a The contractual relations between the EU and Kosovo are based on different instruments designed by the Commission in the context of non-recognition of Kosovo, b The Stabilization and Association Process Tracking Mechanism (STM) is a mirror mechanism of SAP to monitor and keep under control reform processes, c Signing of Stabilization and Association Process Dialogue (SAPD), which is a custom-made mechanism for Kosovo that mirrors SAAs in terms of sectors included and negotiating dialogue.

meanwhile is held as the exemplary model that has made the big jump to conclude accession negotiations in 2011, and can look forward to assuming full membership in 2013. The EU has also advanced trade relations with all Western Balkan countries via the adoption of autonomous trade measures and the early implementation of SAA trade provisions. Aid has continued to flow under the new Instrument for Preaccession Assistance (IPA), which is explicitly geared towards bringing institutional reforms into line with the EU standards. Even Kosovo, which is not recognized by all the EU members, is accommodated in the enlargement process through custom-made mechanisms and procedures.

The enlargement strategy is centred on the principle of conditionality — the rewards offered by the EU (most importantly financial assistance and membership) are conditional on the Western Balkan states meeting demands set by the EU. The basis of the EU demands, which reflect general democratic norms and more specific standards developed at the EU level, is outlined in the initial Copenhagen Criteria, different regional approaches, and SAP conditionality (Pippan 2004). Moreover, each consecutive stage of SAP comes with an increasing load of conditions that the countries need to comply with in order to advance to the next stages and towards the goal of membership. More recent rules on the accession process have enhanced the strategy of conditionality to the extent they suggest application of ‘strict conditionality at all stages of negotiation’ (Council of Europe 2007).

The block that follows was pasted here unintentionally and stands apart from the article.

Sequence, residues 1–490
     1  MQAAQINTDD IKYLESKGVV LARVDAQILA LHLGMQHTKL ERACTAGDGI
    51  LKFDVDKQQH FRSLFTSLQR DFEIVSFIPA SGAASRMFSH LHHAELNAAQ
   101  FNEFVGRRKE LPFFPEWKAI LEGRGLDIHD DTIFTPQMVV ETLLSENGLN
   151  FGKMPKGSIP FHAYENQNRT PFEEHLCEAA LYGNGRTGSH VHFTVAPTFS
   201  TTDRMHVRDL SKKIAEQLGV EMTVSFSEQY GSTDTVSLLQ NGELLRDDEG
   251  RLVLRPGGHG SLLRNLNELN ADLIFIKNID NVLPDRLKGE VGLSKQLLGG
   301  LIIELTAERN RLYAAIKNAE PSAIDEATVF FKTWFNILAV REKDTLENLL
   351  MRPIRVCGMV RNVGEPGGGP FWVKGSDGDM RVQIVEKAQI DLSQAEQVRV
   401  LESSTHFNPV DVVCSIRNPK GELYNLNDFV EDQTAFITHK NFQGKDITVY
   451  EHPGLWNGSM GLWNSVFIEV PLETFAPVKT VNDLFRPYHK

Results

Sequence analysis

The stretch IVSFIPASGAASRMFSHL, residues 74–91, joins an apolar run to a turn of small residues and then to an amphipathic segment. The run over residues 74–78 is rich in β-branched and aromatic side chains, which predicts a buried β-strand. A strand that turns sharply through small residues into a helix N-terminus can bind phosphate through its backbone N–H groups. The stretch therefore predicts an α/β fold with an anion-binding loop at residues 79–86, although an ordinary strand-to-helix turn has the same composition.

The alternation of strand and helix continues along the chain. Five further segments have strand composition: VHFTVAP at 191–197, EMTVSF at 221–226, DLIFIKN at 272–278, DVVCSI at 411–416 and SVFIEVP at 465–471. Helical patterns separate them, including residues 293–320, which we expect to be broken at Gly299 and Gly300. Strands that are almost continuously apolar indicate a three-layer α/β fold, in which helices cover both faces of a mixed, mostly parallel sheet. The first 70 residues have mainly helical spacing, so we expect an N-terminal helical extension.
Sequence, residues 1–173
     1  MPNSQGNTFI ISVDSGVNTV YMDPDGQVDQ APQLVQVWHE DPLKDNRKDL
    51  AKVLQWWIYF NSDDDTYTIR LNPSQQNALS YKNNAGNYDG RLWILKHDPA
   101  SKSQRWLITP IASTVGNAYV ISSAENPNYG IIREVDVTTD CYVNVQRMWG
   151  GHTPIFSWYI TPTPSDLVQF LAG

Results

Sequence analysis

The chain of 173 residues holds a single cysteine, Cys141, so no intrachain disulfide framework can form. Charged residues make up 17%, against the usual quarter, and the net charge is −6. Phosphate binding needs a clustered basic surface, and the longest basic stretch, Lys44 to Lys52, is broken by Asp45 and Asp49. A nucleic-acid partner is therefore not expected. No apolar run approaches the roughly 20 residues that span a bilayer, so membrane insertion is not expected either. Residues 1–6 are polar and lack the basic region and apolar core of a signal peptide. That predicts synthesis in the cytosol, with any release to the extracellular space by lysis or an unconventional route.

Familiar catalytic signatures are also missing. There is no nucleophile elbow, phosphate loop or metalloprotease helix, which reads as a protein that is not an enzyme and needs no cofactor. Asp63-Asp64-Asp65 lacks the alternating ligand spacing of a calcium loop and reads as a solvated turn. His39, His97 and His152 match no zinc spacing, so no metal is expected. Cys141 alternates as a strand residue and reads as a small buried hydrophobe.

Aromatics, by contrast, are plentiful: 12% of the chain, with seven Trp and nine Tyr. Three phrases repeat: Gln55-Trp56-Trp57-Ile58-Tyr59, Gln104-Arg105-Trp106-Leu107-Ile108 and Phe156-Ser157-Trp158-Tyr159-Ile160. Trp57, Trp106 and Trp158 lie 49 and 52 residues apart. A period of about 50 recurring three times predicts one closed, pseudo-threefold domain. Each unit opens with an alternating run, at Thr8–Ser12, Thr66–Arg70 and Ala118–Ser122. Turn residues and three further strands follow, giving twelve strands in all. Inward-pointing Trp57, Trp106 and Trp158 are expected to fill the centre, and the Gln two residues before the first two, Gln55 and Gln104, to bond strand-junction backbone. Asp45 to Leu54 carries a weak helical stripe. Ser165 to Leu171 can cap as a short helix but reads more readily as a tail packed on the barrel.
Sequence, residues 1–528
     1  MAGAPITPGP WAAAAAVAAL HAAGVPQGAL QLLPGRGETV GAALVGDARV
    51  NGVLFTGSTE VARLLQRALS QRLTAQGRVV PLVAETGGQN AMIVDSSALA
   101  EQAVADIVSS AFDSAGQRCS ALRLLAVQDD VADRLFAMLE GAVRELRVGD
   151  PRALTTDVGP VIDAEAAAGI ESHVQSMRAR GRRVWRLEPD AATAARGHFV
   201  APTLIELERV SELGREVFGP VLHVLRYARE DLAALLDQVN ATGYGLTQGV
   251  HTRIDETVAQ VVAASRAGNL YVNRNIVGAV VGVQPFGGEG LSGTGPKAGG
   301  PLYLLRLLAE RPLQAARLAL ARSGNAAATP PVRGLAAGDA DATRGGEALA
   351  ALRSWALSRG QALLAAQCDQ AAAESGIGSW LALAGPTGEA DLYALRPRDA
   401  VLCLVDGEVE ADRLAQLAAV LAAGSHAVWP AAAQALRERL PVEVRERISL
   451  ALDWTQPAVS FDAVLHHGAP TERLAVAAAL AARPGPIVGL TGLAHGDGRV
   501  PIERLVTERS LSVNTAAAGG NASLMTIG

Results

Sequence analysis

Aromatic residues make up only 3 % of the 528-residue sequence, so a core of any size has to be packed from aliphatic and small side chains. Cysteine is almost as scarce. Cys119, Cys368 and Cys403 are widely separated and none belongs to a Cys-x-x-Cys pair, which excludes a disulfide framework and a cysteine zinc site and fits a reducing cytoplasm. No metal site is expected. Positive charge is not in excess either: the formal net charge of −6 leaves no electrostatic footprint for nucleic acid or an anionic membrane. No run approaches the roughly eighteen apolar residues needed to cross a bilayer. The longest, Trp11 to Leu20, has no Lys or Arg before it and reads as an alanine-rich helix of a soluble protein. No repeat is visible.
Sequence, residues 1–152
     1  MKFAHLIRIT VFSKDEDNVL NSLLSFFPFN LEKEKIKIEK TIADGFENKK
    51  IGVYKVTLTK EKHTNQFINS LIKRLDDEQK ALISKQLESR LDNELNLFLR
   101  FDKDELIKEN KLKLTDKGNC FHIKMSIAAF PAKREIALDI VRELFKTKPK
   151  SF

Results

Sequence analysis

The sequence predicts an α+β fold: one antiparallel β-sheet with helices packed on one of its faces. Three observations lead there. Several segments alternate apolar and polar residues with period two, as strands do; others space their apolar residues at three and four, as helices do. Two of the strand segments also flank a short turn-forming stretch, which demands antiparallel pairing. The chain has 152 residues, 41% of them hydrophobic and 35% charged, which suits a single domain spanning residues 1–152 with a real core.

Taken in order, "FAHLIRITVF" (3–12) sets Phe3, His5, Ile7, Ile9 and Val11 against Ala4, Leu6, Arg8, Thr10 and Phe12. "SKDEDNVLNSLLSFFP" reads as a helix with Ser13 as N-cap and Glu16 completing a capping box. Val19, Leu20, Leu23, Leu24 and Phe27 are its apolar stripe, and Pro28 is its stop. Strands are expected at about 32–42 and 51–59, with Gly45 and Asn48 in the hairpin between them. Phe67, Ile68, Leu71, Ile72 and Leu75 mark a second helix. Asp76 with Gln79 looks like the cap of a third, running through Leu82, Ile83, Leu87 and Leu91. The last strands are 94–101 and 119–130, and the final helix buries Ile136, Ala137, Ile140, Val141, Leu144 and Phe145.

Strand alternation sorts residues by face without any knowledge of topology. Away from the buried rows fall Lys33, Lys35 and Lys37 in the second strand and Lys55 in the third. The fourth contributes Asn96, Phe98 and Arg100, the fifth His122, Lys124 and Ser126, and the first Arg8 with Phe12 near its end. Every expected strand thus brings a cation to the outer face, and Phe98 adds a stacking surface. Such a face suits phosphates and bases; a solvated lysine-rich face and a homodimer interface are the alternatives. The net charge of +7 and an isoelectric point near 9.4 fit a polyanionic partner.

Given the embedment of the Western Balkans in the EU enlargement processes, Europeanization (a short-hand for the domestic influence of the EU) has emerged as the dominant approach to the study of EU-led reforms across the region. Similar to the previous wave of enlargement in CEE, research on the Western Balkans has made enlargement conditionality the central focus of analyzing the role of the EU (Schimmelfennig and Sedelmeier 2006: 88). After all, both regions share the main features that have arguably animated the celebrated success of the EU conditionality in CEE, most importantly the substantial rewards underpinning the EU demands and the strategy of reinforcement by reward (ibid.). However, in contrast to the previous CEE candidates, most Western Balkan countries consist of borderline cases of transformation or ‘deficient democratizers’ that face unfavourable domestic conditions and share a poor record of reforms. Yet, very little research is done on whether and how the challenging factors on the domestic side might undermine the transformative power of the EU in the same way they have delayed and refracted region’s trajectory of post-communist transformation. Europeanization studies looking at the domestic side of the equation are still at an early stage, lacking conceptual detail and comparative evidence on the array of domestic factors that challenge the role of the EU in difficult cases of democratization (Sedelmeier 2011: 30; Brusis 2005a: 23). Empirical research on Europeanization in the Western Balkans, on the other hand, remains largely within the realm of expectations and has yet to consider the domestic factors that set those countries apart and their implications for the presumed impact of Europe (Pond 2006).